Women who fear breast cancer so much that they “check” constantly & avoid mirrors & wear high collars to resist checking would benefit tremendously from more than just a negative clinical breast exam and a clean mammogram.
It’s normal for women to grow quite anxious as the date of her monthly breast self-exam approaches.
It’s also normal for her to tremble with anxiety if she discovers a lump, and to suffer with ongoing anxiety between that point and the point at which her doctor announces, after the appropriate exams, “It’s benign.”
But breast cancer phobia that involves constant checking of the breasts – in the absence of a lump or other symptoms such as nipple discharge – is a whole new animal…as indicated in the post below:
There are women who will obsessively check their breasts daily, even after a doctor reports that everything feels normal, even after a mammogram plus ultrasound come back with normal results.
Sure, a mammogram and ultrasound can miss a malignant tumor, but we have to look at the entire picture in some of these obsessive breast checking cases:
• Clinical exam is normal.
• Self-exam uncovers no lumps.
• No other symptoms such as inverted nipple or puckering skin.
• Mammogram and ultrasound show no suspicious masses.
• The patient STILL obsessively checks anyways – up to several times a day, even asking her partner or mother to participate.
• She avoids mirrors because her reflection tempts her to peer at her breasts for visible symptoms.
• She wears high collars; low cut clothes create overwhelming temptations to slip her fingers down and check for extended periods.
Certainly, the number of deaths every year from breast cancer, and the fact that even women “who do everything right” still get diagnosed with this disease, contribute to the development of breast cancer phobia and obsessive checking.
The OCD component wouldn’t exist if breast cancer were 100 percent curable at any stage.
However, despite where BC detection and treatment stand at this point, obsession in an asymptomatic woman—especially if she has no family history or BRCA mutation—goes well-beyond healthy mental health.
Solutions to Obsessive Breast Checking and Cancer Phobia
Nobody knows how common this phenomenon is, and it’s easy to understand why those afflicted would not reveal it to their doctor.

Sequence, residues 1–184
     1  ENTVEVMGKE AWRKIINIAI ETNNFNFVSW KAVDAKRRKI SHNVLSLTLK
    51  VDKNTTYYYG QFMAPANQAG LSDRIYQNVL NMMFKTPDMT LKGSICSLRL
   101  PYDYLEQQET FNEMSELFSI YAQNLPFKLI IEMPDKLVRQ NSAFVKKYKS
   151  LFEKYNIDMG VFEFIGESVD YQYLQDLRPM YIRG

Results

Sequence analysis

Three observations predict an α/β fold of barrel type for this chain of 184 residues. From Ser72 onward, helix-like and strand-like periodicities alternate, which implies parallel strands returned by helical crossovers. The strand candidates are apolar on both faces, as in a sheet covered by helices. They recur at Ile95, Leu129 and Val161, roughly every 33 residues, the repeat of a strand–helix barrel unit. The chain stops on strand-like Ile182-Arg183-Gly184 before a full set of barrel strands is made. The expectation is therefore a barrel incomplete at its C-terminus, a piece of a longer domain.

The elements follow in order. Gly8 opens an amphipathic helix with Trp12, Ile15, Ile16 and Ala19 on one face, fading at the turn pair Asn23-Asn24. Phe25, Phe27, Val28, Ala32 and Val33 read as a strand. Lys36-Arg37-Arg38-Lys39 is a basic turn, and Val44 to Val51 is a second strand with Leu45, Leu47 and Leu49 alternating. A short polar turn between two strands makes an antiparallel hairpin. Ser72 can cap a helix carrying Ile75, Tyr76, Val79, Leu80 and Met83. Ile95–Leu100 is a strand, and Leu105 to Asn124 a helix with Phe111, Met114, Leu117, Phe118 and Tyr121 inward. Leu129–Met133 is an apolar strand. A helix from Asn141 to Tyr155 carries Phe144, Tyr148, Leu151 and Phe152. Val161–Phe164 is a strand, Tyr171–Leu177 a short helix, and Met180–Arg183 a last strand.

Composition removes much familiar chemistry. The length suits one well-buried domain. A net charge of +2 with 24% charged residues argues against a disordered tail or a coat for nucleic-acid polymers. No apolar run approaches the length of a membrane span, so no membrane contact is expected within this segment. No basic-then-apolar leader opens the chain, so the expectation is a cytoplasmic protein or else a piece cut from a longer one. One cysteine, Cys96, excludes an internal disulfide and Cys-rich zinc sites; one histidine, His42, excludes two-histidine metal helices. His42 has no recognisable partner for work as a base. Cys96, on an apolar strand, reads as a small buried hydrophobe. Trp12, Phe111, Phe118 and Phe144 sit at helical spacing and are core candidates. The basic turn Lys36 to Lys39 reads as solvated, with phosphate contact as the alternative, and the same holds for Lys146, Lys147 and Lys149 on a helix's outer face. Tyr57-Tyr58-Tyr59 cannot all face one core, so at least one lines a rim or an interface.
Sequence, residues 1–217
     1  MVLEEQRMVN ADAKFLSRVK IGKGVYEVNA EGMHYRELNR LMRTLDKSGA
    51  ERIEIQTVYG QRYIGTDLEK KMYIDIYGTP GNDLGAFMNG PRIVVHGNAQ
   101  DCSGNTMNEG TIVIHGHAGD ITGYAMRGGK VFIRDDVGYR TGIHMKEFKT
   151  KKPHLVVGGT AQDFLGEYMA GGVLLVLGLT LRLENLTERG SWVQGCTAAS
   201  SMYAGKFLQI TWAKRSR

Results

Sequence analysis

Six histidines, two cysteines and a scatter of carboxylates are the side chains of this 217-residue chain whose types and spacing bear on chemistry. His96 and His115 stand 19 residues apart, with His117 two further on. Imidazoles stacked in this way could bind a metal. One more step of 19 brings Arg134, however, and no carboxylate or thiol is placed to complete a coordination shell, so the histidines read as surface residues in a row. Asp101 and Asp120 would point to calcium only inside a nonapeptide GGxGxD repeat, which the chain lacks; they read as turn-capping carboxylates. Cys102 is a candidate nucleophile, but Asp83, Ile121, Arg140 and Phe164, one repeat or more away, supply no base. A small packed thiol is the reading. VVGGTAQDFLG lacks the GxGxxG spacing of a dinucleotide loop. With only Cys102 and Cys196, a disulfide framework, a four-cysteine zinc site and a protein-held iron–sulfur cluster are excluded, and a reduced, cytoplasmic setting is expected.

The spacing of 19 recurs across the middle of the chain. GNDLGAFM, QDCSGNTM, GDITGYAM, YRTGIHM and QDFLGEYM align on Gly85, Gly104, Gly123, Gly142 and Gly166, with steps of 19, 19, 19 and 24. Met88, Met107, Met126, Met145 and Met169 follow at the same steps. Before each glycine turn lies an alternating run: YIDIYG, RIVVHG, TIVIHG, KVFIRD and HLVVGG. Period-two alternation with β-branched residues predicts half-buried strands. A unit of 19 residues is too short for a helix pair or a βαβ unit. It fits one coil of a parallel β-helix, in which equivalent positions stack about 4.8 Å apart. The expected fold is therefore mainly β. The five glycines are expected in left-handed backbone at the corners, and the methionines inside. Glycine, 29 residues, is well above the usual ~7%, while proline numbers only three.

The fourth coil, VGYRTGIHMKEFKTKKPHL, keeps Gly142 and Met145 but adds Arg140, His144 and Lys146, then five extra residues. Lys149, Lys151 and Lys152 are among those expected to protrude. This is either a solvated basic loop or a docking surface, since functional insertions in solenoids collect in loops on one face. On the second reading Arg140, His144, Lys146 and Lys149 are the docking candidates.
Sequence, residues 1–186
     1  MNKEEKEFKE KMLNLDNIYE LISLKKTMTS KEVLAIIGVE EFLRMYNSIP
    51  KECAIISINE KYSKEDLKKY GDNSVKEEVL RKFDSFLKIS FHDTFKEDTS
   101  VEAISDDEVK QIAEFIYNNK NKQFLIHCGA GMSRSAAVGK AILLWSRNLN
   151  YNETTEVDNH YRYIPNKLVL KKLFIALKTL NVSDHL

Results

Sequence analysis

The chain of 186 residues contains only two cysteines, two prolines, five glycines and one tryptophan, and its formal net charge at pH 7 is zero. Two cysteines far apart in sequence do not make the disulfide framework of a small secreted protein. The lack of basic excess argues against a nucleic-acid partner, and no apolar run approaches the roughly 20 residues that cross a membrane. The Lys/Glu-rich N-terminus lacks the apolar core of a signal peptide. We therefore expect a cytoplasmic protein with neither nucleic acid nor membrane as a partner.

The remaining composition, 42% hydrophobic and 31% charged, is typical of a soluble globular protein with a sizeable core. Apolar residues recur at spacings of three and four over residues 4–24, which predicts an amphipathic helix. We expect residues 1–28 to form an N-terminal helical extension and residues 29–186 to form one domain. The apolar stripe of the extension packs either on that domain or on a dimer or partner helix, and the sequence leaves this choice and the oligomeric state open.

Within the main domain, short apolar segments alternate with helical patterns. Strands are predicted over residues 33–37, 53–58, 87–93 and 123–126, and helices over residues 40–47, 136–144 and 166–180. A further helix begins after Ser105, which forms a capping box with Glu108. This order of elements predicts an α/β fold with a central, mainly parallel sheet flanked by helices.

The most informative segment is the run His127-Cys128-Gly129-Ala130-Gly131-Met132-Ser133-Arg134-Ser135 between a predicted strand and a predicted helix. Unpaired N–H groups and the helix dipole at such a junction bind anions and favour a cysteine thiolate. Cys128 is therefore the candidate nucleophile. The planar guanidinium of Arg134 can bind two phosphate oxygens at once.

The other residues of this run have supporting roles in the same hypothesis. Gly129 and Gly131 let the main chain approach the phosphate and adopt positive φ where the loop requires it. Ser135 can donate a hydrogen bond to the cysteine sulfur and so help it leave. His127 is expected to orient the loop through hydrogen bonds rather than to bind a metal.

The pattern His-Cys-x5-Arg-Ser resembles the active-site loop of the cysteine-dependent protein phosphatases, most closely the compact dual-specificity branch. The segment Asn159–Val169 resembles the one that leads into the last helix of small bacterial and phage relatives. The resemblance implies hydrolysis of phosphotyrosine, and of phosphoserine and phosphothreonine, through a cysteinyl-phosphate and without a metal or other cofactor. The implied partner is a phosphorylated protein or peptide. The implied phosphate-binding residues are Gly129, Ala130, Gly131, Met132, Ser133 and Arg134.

Obsessive checking of one’s body due to health anxiety is probably a lot more common than believed, and extends to many other conditions—despite negative clinical findings—such as:
• Obsessive checking of moles
• Obsessive checking of lymph nodes
• Obsession with taking heart rate
“I am not a psychologist and do not treat OCD, but I don’t think that educating the general population to be familiar with how a breast should look and feel throughout the month will cause such tremendous anxiety and fear,” comments Dennis Citrin, MD, PhD, Medical Oncologist, Cancer Treatment Centers of America at Midwestern Regional Medical Center.
“Fear [to the levels explained above] would be pathological and I recommend a woman seek help from a psychiatrist,” continues Dr. Citrin.
“Of course, that should not deter a woman from going to the doctor if she notices anything unusual on the breast – lump, nipple discharge when not nursing, inverted nipple, etc.”
Women who can’t stop checking, but who have not seen a gynecologist, need to finally make that appointment.
Sometimes all it takes is a normal clinical exam to subdue a breast cancer phobia.
Some women will use lack of medical insurance as an excuse not to see a gynecologist.
If you work full time and are spending money on cosmetics, manicures, clothes and accessories, hair care products, etc., then you should feel at ease paying out of pocket for a wellness exam.
In addition, those afflicted with obsessive breast checking will benefit from seeing a mental health professional who specializes in health anxiety.
Also remind yourself that you will greatly impair your ability to detect changes in your breasts if you don’t let enough time pass in between self-exams!
Cognitive Behavioral Therapy
The American Institute for Cognitive Therapy says that CBT’s effectiveness includes:
• Helping you learn to distinguish between productive and unproductive worrying
• Helping you to avoid constant reassurance checks
And if you do have medical coverage but still keep putting off an appointment due to fear of “what the doctor might find,” here’s a slogan for you: Truth can be frightening, but not knowing can kill you.
For more information on breast cancer screening, give Cancer Treatment Centers of America a call at (866) 942-6978.
Dr. Citrin, board certified in medical oncology with 30+ years’ experience, devotes his practice exclusively to patients with breast cancer. He is the author of “Knowledge is Power: What Every Woman Should Know About Breast Cancer.”